Thinking about exams in Sweden.
As I literally finished my statistics and research methods exam about an hour ago, I thought I’d take the opportunity to write the structure of the Swedish exam system and some tips I’ve picked up.
One step at a time…
At my university (Karolinska Institutet) exams only occur at the end of a particular course. So you’ll generally spend between 3-8 weeks studying a particular module or course and then have the exam in the last week to complete it. Personally this works really well for me, I like to treat each exam as a hurdle and once I’ve jumped it you can move onto the next, without stressing too much about other courses you need to study for. However, this does mean you can have a bunch of exams in a short space of time depending on the length of separate courses. Today was my second exam in 5 weeks and I have the next one in 3 weeks time.
Every university has different exam schedule – for example, your programme may have an ‘exam period’ every two months where multiple courses are examined. You may want to bare this in mind when thinking about applying to different courses and institutions within Sweden – how does this suit your learning style?
Do you like learning lots of different subjects at once?
Or would you rather concentrate on one thing at a time?
Do you mind having lots of exams spaced throughout the year?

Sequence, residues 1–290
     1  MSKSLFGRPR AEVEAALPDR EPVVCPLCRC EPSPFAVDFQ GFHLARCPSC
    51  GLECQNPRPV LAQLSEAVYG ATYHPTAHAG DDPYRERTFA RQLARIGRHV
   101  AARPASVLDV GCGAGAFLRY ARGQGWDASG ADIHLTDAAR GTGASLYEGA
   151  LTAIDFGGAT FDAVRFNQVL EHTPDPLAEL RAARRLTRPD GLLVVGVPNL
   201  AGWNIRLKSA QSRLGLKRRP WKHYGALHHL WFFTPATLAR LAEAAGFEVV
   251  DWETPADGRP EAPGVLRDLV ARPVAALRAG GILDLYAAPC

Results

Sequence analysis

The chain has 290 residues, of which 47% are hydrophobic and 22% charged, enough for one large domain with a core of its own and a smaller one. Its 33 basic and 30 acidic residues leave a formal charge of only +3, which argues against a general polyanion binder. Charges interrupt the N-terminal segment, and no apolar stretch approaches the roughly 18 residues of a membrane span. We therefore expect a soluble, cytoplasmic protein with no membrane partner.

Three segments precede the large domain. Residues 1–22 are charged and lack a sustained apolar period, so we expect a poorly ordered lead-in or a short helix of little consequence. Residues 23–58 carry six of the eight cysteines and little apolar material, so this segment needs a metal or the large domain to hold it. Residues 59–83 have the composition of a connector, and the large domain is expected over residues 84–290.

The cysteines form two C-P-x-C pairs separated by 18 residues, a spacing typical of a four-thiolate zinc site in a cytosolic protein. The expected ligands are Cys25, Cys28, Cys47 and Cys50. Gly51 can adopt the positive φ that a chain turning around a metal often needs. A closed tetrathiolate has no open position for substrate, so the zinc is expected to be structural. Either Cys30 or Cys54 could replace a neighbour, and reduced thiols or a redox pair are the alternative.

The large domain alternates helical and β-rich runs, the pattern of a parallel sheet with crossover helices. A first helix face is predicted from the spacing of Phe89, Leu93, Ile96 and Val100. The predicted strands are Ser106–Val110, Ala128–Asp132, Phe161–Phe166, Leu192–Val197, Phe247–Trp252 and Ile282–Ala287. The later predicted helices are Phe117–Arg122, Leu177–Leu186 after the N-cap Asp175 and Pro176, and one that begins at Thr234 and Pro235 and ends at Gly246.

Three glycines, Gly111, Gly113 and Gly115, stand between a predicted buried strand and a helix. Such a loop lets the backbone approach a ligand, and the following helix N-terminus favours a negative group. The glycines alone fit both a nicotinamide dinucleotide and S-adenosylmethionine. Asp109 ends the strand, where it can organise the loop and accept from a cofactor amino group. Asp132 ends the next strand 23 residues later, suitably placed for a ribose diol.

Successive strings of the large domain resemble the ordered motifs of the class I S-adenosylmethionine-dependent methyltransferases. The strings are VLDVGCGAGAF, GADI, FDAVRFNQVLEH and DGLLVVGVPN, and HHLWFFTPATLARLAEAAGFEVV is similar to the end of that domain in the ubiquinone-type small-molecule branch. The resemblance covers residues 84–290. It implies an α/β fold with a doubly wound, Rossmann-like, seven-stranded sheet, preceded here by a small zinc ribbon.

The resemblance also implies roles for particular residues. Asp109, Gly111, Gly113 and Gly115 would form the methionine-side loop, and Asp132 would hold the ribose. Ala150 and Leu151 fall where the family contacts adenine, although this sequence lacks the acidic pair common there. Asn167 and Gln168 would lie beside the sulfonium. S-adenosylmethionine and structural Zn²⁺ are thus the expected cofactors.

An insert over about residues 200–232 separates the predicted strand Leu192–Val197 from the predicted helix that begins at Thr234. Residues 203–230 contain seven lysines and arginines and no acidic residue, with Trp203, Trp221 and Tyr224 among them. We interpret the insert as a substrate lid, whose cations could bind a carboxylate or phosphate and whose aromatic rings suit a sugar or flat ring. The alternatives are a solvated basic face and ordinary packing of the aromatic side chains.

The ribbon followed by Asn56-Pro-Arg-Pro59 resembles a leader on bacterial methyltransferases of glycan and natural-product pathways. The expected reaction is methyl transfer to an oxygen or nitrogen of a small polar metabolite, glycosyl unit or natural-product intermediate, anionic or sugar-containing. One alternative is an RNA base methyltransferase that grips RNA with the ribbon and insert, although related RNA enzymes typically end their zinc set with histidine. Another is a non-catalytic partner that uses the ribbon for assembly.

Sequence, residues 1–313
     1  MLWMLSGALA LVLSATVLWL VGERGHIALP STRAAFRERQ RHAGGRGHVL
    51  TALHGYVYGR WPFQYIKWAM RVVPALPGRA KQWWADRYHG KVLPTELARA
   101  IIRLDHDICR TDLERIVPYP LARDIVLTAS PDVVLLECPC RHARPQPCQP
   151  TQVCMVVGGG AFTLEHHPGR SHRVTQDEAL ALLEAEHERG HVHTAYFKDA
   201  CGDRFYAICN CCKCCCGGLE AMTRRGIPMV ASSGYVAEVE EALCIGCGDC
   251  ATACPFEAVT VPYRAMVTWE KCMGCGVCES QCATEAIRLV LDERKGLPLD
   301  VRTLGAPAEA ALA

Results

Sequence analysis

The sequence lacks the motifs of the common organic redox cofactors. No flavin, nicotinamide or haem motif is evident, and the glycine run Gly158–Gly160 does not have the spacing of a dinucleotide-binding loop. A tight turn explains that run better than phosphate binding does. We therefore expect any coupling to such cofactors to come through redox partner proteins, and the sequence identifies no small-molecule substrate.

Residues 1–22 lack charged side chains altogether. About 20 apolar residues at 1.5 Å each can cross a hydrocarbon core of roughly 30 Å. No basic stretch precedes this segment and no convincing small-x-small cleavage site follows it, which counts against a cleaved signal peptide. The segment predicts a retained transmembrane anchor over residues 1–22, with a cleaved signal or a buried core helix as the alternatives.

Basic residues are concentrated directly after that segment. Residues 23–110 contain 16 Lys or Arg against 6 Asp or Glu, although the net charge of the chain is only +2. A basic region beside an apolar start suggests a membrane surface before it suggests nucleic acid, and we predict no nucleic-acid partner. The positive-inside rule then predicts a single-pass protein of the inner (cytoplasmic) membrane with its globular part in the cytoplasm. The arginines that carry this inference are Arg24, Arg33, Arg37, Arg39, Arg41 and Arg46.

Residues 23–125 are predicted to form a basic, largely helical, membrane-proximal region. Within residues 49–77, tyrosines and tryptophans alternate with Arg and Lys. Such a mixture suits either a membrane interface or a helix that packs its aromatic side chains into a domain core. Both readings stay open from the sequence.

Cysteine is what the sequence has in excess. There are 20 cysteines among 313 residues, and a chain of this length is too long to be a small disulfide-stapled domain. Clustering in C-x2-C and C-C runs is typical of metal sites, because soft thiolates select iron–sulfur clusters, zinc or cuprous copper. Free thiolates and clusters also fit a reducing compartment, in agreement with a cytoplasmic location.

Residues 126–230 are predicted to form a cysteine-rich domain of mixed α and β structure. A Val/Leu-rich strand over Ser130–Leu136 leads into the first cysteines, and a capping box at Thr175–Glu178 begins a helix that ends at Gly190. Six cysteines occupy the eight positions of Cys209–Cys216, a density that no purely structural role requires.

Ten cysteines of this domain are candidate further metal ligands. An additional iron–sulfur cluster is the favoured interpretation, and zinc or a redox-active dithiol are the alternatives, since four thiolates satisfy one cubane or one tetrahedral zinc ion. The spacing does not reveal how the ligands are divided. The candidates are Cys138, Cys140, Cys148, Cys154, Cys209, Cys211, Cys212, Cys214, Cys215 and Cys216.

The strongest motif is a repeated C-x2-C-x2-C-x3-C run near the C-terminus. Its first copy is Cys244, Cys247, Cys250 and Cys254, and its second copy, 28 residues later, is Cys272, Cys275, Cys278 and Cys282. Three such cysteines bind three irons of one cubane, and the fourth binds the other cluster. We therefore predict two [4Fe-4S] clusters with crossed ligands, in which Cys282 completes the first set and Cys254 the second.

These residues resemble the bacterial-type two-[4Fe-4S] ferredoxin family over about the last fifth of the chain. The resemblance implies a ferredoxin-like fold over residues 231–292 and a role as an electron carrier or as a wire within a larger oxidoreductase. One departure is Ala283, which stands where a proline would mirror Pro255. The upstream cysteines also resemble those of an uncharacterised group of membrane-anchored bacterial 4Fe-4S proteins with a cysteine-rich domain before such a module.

If at first you don’t succeed…
Try, try, try, try, try again. Yes, in Sweden you get 6 (yes, SIX) attempts to pass an exam – 3 each academic year. This does take the pressure off somewhat but often a first time failure means you won’t be able to graduate with distinction. Plus, you’ll have to retake the exam later in the year when you may have forgotten certain details from the course.
There are some variations to the repeated attempts rule, so check with each programme, but generally its pretty lenient compared to most international education systems.
Questions, credits and grades…
Essentially every course will be slightly different to the last. Exams generally range from 2-5 hours, papers can be constructed of open questions and multiple choice questions. Most Swedish schools use different styles of examination to test varying aspects of a course. For example, you may have an open book take home exam, online exams, oral exams and written exams all mixed within the same programme. Its just useful to bare in mind when applying – how will I be examined? And will it suit my revision strategy?
So far my exams have been a mix of open written questions and multiple choice questions. Within each course as well we have compulsory group workshops or assignments to complete with minimum ‘pass’.
Sweden uses the European Credit Transfer System (ECTS) so each course is allocated a number of credits depending on its detail, duration and intensity. Dena has written a great guide regarding the differences in grading here.